Your pathologist may perform a test called immunohistochemistry on your tissue sample to confirm the diagnosis.
The entire tumor is usually strongly positive of p53. If there is a part of the tumour that looks like rhabdomyosarcoma (see above), it will be positive for the muscle markers myogenin and MyoD1.
Grade is a word pathologists use to describe how different the cancer cells look compared to the normal cells in that same location. Low grade tumours look very similar to normal cells while high grade tumours look very little like the normal cells usually found in that location.
Why is this important? All endometrial carcinosarcomas are high grade tumours and are not usually given a FIGO grade. As such, under the section for grade in your report you may see “not applicable”. If the tumour is graded, it will be given the highest grade (grade 3).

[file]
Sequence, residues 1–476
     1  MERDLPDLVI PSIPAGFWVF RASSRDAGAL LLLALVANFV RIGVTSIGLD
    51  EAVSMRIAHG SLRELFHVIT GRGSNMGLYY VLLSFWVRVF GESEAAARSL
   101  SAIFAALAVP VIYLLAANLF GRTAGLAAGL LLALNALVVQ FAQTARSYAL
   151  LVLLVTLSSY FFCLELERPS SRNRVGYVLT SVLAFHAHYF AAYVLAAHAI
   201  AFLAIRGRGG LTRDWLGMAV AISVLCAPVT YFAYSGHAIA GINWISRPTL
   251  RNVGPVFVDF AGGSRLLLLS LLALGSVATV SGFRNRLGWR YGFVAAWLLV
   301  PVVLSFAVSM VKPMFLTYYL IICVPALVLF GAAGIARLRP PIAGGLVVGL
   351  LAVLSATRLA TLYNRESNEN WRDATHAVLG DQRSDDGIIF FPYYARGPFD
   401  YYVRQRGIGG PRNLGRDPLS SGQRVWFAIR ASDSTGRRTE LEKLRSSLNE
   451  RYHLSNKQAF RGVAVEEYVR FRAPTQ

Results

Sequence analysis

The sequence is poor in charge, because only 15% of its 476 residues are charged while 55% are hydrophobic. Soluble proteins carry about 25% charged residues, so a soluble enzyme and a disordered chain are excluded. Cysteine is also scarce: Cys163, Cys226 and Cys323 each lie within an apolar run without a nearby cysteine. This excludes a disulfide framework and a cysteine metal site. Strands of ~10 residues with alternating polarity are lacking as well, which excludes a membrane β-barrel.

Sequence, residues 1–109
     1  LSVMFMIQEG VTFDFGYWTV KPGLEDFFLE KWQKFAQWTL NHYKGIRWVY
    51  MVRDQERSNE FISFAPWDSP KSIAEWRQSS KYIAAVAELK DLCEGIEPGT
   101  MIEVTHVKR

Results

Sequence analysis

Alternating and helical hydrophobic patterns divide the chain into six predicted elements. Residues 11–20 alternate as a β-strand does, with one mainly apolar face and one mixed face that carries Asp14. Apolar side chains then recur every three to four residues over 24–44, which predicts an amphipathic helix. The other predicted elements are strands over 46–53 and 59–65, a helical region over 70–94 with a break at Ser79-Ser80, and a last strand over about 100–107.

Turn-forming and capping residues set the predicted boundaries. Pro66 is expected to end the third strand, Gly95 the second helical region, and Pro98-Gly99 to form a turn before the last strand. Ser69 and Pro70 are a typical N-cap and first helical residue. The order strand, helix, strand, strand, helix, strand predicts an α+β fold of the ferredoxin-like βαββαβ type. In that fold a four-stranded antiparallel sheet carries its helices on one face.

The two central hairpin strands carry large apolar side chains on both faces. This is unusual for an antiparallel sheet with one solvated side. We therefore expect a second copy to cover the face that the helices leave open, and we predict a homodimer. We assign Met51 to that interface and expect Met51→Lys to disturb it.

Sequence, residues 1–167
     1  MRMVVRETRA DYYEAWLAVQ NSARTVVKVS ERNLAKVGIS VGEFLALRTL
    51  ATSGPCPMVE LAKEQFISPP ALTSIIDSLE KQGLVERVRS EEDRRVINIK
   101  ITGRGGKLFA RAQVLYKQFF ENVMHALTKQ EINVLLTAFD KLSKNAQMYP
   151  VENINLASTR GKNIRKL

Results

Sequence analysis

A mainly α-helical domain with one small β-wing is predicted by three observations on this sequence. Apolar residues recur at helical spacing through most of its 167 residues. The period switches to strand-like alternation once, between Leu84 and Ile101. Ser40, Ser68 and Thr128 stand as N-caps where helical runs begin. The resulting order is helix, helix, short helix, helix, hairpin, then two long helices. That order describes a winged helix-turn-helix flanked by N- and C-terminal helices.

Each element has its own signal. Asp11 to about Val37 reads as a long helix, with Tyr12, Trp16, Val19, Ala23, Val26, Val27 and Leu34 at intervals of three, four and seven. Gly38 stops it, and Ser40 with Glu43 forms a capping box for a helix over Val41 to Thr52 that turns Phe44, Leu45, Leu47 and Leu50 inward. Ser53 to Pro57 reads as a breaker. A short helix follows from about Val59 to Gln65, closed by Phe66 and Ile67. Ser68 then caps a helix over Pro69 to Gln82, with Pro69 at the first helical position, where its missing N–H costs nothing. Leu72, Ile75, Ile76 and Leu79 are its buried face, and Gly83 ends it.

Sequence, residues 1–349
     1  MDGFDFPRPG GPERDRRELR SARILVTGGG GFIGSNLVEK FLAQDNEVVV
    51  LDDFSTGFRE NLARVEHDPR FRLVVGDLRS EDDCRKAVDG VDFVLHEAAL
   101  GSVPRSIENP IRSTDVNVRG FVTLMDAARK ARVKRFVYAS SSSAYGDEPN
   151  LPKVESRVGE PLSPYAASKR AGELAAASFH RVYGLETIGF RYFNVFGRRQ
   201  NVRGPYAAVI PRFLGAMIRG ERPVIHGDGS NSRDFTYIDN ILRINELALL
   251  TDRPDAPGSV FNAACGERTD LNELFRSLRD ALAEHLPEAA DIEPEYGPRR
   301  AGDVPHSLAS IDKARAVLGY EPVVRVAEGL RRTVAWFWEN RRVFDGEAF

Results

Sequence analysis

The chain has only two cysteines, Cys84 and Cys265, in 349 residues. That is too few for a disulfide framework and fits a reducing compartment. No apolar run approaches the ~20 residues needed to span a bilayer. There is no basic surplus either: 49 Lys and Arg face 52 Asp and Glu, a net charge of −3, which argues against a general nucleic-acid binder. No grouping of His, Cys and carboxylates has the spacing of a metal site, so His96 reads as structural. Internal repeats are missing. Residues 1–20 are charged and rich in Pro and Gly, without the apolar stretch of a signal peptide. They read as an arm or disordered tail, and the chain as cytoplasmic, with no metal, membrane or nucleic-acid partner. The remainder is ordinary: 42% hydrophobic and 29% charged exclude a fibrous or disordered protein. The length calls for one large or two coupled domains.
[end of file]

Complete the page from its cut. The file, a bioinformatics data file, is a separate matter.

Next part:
The myometrium is a thick band of muscle just below the endometrium. The movement of cancer cells from the endometrium into the myometrium is called myometrial invasion.
The amount of myometrial invasion will be described in millimeters and as a percentage of the total myometrial thickness. Myometrial invasion will only be described in your report after the entire tumour has been removed.
Why is this important? Myometrial invasion is an important prognostic feature and is used to determine the tumour stage (see Pathological stage below).
The cervix is a structure at the very bottom of the uterus. The cervix connects directly with the endometrium. The wall of the cervix is made up of a type of tissue called stroma.
Carcinosarcoma may grow from the endometrium into the cervix. After the tumour is removed completely, your pathologist will carefully examine the tissue from the cervix to see if there are any cancer cells in the cervical stroma.
Why is this important? Finding cancer cells in the cervical stroma increases the tumour stage (see Pathologic stage below).
Several other organs and tissues are directly attached or very close to the uterus including the ovaries, fallopian tubes, vagina, bladder, and rectum.